Surgery for thyroid cancer
Surgery is the most common treatment for thyroid cancer. Before the operation, a surgeon and sometimes a specialist nurse will talk to you about what to expect. Ask them any questions and discuss any concerns you have. It is now more common to have just one lobe of the thyroid removed for smaller papillary cancers.
You will be given a general anaesthetic, and the surgeon will make a cut (usually around 3–5 cm) across your neck. How much tissue and how many lymph nodes are removed will depend on how far the cancer may have spread (see diagrams below).
Learn more about:
Types of thyroid surgery
Partial thyroidectomyIn a partial thyroidectomy (also called a hemithyroidectomy), only the affected lobe or section of the thyroid is removed. This is the most common surgery if the cancer is small and the other lobe looks normal on ultrasound. It may be used to diagnose thyroid cancer if a fine needle biopsy doesn’t give a clear diagnosis. This is called a surgical biopsy. If cancer is found after a partial thyroidectomy, you may need further surgery to remove all or most of your thyroid.
Total thyroidectomyMost people with thyroid cancer need to have a total thyroidectomy. This involves removing the whole thyroid (both lobes and the isthmus). Sometimes a small amount of thyroid may be left in a near-total thyroidectomy.
Lymph node removalWith either type of thyroid surgery, nearby lymph nodes may also be removed to help work out staging or if the initial scans show that the cancer has spread to them. This is called a neck dissection. Even if the cancer doesn’t appear to have spread, the nodes behind the thyroid are occasionally removed to reduce the risk of the cancer returning. In very rare cases, the surgeon also removes other tissue near the thyroid that has been affected by the cancer.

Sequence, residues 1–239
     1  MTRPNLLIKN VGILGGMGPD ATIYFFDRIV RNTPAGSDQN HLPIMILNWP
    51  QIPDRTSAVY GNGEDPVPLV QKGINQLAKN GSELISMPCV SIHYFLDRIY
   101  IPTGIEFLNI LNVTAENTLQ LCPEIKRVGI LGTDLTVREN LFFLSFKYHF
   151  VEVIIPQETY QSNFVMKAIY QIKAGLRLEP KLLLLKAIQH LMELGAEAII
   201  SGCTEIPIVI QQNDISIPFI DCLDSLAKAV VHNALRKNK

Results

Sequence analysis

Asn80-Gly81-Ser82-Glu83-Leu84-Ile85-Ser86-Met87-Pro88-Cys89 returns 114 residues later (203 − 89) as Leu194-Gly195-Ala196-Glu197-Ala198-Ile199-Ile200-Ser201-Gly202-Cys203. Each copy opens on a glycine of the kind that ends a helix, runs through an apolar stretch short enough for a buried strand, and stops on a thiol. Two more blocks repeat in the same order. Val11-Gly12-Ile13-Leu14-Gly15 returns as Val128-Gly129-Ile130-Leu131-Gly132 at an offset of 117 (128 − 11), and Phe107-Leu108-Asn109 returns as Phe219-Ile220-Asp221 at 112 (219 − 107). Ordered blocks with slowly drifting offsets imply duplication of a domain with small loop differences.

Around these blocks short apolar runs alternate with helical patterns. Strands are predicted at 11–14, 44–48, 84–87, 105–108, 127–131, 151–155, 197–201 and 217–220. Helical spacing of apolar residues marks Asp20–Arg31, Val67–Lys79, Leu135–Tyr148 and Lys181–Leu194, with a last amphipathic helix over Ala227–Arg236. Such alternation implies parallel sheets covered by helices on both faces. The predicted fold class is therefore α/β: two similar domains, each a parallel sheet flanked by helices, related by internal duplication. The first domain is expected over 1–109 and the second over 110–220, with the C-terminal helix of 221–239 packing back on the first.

For more on this, see our general section on Surgery.
Podcast: Making Treatment Decisions
A/Prof Diana Learoyd, Endocrinologist, GenesisCare North Shore, Faculty of Medicine and Health, University of Sydney, NSW; Emeritus Professor Leigh Delbridge AM, The University of Sydney, Thyroid Surgeon, The Mater and North Shore Private Hospitals, NSW; Prof Ruta Gupta, Tissue Pathology and Diagnostic Oncology, Royal Prince Alfred Hospital and The University of Sydney, NSW; Susan Leonard, Cancer Nurse Coordinator Thyroid and Brachytherapy, Cancer Care Services, Royal Brisbane and Women’s Hospital, QLD; Dr Dean Lisewski, Endocrine and General Surgeon, Fiona Stanley Hospital and St John of God Hospital, Murdoch, WA; Caitriona Nienaber, 13 11 20 Consultant, Cancer Council WA; Jonathan Park, Consumer; A/Prof David Pattison, Deputy Director and Senior Staff Specialist, Department of Nuclear Medicine and Specialised PET Services, Royal Brisbane and Women’s Hospital and School of Medicine, University of Queensland, QLD; Prof Bruce Robinson, Endocrinologist, Co-Head, Cancer Genetics, Kolling Institute of Medical Research, The University of Sydney and Royal North Shore Hospital, NSW; Marissa Ryan, Team Leader (Cancer) Pharmacist, Princess Alexandra Hospital, Brisbane, QLD.
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